Shares in fantasy sports pioneer DraftKings plunged more than 11% in early trading Tuesday as short-seller Hindenburg Research issued a report stating the company has “exposure to extensive dealings in black-market gaming, money laundering and organized crime.”
Hindenburg Research, a small New York group led by forensic accountant Nathan Anderson, stated that the links originate with SBTech, the Bulgaria-based betting technology business DraftKings merged with as part of its 2020 going-public merger with Diamond Eagle Acquisition Corp., a SPAC led by Hollywood executive Jeff Sagansky. SBTech founder Shalom Meckenzie is a DraftKings board member.
DraftKings shares opened 11.2% lower at $44.95 on high volume on the news and recovered to trade around $48 in the first hour of trading. The report was posted online prior to trading Tuesday. Hindenburg said it has taken a short position in DraftKings, meaning it aims to profit from shares falling in price.
“This report is written by someone who is short on DraftKings stock with an incentive to drive down the share price,” a DraftKings spokesperson wrote in a text message. “Our business combination with SBTech was completed in 2020. We conducted a thorough review of their business practices, and we were comfortable with the findings. We do not comment on speculation or allegations made by former SBTech employees.”
Hindenburg claims that about half of SBTech’s revenue comes from markets where gambling is unregulated or banned, including China and Vietnam. Hindenburg says many of the troublesome links it believes it sees come from an entity named BTI, which was spun off from SBTech. The report cites anonymous sources behind the claims and includes past webpages and screen grabs to seemingly connect present and former SBTech employees to BTI. The researchers conclude by saying the appearances of crime links means DraftKings should submit to an independent audit of its revenue streams.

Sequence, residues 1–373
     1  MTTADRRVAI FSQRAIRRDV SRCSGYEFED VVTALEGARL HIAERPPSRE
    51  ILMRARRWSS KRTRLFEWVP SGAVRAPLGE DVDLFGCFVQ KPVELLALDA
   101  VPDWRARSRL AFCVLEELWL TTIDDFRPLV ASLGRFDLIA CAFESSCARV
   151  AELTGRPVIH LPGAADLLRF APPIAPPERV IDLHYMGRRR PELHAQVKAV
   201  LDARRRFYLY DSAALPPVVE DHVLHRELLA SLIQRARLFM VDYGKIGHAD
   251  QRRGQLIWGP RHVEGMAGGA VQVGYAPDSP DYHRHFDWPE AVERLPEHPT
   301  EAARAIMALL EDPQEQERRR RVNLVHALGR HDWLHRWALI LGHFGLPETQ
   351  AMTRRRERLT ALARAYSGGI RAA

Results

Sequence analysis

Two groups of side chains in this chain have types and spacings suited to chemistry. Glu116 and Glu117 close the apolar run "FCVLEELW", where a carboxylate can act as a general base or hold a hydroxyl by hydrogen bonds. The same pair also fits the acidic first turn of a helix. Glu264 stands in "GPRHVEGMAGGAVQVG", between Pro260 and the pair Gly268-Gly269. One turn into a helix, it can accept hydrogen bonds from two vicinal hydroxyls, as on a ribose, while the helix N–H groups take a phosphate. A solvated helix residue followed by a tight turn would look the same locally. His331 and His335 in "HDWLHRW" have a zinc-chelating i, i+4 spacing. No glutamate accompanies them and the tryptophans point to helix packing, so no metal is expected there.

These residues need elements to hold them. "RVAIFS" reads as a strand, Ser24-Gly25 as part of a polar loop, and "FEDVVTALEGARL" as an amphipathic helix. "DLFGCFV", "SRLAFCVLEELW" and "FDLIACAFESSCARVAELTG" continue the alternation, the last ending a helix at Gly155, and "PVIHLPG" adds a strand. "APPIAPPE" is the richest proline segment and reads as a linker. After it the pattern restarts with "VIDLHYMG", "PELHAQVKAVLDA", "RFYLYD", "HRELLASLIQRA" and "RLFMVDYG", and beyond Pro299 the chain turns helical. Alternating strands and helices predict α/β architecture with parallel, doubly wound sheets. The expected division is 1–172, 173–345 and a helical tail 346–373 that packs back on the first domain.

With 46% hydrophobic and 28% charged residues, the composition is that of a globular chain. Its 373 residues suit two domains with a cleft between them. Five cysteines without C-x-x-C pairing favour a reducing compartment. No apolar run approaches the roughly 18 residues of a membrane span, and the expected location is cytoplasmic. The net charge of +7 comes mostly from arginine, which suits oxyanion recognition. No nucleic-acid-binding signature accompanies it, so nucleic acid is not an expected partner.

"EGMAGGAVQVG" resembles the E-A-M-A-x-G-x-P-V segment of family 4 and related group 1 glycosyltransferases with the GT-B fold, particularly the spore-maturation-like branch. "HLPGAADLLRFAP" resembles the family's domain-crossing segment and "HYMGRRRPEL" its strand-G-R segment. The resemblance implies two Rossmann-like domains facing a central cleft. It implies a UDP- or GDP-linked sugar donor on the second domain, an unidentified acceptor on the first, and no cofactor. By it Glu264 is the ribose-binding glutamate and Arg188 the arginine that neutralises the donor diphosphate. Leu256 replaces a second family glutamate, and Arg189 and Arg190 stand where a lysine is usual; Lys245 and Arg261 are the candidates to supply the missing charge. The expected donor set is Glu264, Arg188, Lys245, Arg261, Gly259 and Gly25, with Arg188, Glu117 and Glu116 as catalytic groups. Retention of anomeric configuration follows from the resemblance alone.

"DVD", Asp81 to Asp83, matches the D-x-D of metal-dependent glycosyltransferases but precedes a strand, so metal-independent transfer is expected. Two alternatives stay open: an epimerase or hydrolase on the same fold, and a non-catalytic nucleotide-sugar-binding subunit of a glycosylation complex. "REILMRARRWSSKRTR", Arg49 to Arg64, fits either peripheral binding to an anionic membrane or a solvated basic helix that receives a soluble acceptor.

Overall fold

The report was posted online prior to trading Tuesday. Hindenburg said it has taken a short position in DraftKings, meaning it aims to profit from shares falling in price. The group’s reports are contested by their target companies and—regardless of accuracy—typically have a lasting effect on share prices. Hindenburg previously has shorted Nikola, a next-gen fuel truck maker that went public by SPAC last year. Shares of that company are down $20 from Hindenburg’s report, to around $17.
Credit Suisse, an investment bank that has an ‘outperform’ rating on DraftKings stock, issued a research note Tuesday after the start of trading, saying the initial plunge in DraftKings shares was overdone. “Our view is that SBTech was purchased by DKNG for its tech platform (which DKNG plans to vertically integrate) rather than existing revenue stream. Said another way, if SBTech revenue were to go away entirely, we think there would be minimal impact on the DKNG stock,” wrote analyst Benjamin Chaiken in the note. The bank also disputes some of Hindenburg’s estimates of SBTech’s importance to DraftKings’ revenue profile.
DraftKings is one of the most successful companies to come public by SPAC. Its shares are up more than four-fold since announcing in December 2019 its intention to go public.
(The story was updated to include a comment from DraftKings and a research note issued by Credit Suisse.)